Paths Towards Radical Becoming
Mothering and Anarchism
Literature Review / Theoretical Framework
My mother and I sit opposite each other at the dining room table that has traveled across space and time to meet us here. The wood creaks when I lean across the table to turn on my iPhone’s microphone. Antique furniture surround me in my parents’ home and I sit in men’s clothing with a binded chest, holding an amazingly intricate piece of technology that is meant to connect — but often separates. I realize suddenly that I am caught between the past and the future, lodged between seemingly oppositional states of being. I look at my mom across from me as if I’m looking into a mirror. We have always butted heads, symbolic of our stubborn star signs, but we also have always understood each other. Our relationship in and of itself is in transition, a constant merging of minds and experiences. This notion of transition is a reoccurring theme in my research. If we are constantly changing, then we are constantly vulnerable, constantly existing intimately between various states of being. It is precisely this vulnerability that could serve as a catalyst to building intimate and radical relationships.
This paper is meant to do three things. First, it is a comparison. I link mothering techniques with anarchism as a belief system, defining both as different yet strikingly similar paths to creating intimate relationships and thus radical becomings. Second, it is an analysis. I dissect data collected from a conversation I had with my own mother, analyzing her language, view-points on personhood, intimate relationships, and the journey that mothering turned into for her. It is with these two ideas that I come to my third objective and overall argument that mothering and anarchism are states of being that are defined individually and through actions rather than specific words. We must harness our individual ability to build community while simultaneously honoring individuality. And it is through these individual actions that we can collectively move towards a more radical and intimate state of being.
To get to these three points, I first critique historic anarchist literature and discuss the importance of an intersectional analysis of anarchism. I then pull from different texts published by mothers and anarchists alike and use their profound words, theories, and analyses to link the two ideologies. In the methodologies section I discuss my choice for oral history and how that method was informed by anarchism and mothering. In my analysis I combine the data collected from the conversation with my mother and recognize the importance community building, working together towards a more inclusive relational state of being, and the complexities of individual epistemologies. I use my conclusion to argue that mothering, like anarchism, is a technique and tool that can be used to radicalize relationships, the self, and, over time, the state.
A main concern with feminist research is the question of knowledge production. Who is the producer of knowledge? For whom is it produced? This section will briefly discuss the definition of anarchism, the history of anarchist theory and the changes occurring in activist and academic anarchism today.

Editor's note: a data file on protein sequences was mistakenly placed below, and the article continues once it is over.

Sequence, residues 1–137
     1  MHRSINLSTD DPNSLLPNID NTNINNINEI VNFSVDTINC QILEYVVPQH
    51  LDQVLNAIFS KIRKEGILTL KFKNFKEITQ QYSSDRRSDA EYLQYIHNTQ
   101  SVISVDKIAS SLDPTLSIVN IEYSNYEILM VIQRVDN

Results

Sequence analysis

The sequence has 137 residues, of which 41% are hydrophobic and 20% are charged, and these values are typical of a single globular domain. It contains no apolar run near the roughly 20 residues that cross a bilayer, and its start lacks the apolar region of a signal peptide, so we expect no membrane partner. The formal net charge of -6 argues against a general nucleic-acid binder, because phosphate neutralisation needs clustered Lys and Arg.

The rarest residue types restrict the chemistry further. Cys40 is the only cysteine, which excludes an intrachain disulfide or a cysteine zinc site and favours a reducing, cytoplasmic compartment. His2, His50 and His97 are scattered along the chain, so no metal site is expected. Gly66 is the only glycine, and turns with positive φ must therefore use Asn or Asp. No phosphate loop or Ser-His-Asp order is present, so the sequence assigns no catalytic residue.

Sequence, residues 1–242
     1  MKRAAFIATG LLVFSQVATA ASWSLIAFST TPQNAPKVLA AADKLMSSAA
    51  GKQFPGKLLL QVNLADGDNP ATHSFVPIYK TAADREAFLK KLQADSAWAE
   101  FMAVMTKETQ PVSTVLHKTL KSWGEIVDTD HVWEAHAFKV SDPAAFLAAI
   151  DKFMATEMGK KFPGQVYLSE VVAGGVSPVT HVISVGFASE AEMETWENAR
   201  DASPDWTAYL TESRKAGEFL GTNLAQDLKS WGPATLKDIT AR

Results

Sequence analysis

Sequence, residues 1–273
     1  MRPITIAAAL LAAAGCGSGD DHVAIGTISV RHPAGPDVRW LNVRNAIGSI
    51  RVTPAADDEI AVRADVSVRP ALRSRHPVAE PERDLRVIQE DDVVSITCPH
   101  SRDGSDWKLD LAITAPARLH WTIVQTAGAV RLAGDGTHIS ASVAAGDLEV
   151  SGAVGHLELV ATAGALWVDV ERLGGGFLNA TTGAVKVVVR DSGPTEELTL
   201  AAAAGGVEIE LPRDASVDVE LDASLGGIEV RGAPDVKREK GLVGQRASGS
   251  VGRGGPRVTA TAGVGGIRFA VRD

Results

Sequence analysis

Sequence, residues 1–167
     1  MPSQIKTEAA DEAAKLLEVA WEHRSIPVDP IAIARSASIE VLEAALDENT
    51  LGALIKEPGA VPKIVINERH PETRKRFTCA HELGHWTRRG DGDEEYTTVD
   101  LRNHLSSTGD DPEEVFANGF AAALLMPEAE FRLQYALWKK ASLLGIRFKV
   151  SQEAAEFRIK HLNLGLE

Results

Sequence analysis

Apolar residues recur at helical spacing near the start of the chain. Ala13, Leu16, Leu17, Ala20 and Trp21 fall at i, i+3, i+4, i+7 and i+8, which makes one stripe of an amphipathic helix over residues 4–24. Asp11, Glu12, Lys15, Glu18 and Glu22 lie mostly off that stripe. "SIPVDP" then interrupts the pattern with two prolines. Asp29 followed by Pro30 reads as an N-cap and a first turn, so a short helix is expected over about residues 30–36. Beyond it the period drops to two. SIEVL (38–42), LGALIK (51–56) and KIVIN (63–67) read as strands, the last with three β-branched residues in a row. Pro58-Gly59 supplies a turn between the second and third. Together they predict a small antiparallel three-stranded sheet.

To start, I want to define anarchism. In addition to the American Heritage Dictionary’s definition of anarchism as a “rejection of all forms of coercive control and authority,” I look to CrimethInc. Ex-Worker’s Collective’s assertion that anarchism is “the belief that everyone is entitled to complete self-determination.” Anarchism is based upon the idea that we must destroy and dismantle the hierarchical borders or boundaries that force us into spaces of segregation and oppression. We must instead use loving and positive communication techniques to encourage voluntary association, and inspire direct action and mutual aide to better ourselves and our communities. Further, these everyday micro-rebellions and techniques can help us understand anarchism as “the production of conditions that support and nurture the development of human potential for sustaining relationships with themselves, each other and our living planet” (Heckert 2005; 2010). Anarchy then is whatever happens when order or power is not imposed or demanded. Anarchy lies within the quiet nods and grins from across a classroom, a picnic underneath an oak tree with a lover, the freedom and community understood and created by Appalachian Trail thru hikers. Anarchy is not and cannot be defined and understood simply as chaos or terror. Anarchy, like being a mother, could be understood as a performance that differs greatly from person to person, community to community.
The anarchist movement is a historically European, white, male revolutionary ideal that focuses on personal/individual liberation and denounces any kind of political or governmental control and authority. Scholars, activists, and writers who have historically engaged in anarchist thought tend to focus on textual analysis and ethnographies. Only when discussing feminism do scholars cite Voltairine de Cleyre or Emma Goldman focusing on their publications, public speaking, and relationships with other anarchists. Otherwise the voices of women, queer people, and people of color have frequently gone unnoticed. Inside and outside of academe, talk of anarchism is often surrounded by libertarian ideals within white, male dominated spaces. It is essential to say here that there does exist a steady-hum, a growing indication of hope and possibility within academia and activist circles regarding mothering, experiences of queer women, women of color, and trans* identified individuals, and polyamorous queer relationship ideologies. These voices are bashing back against the white patriarchy and challenging preconceived notions of gender, identity, personhood, and community involvement. So when I argue that there needs to be a radical re-centering of voices within the anarchist movement I, by no means, am trying to silence or negate preexisting struggles against oppression that challenge straight, white, male centered ideology. I instead mean to focus on the growing intersectional narrative of anarchism and why mothering and feminist research is essential to critiquing and finding similarities within techniques and ideologies in order to build paths towards radical becoming. I want to move forward towards motherhood research and specific anarchist and feminist texts.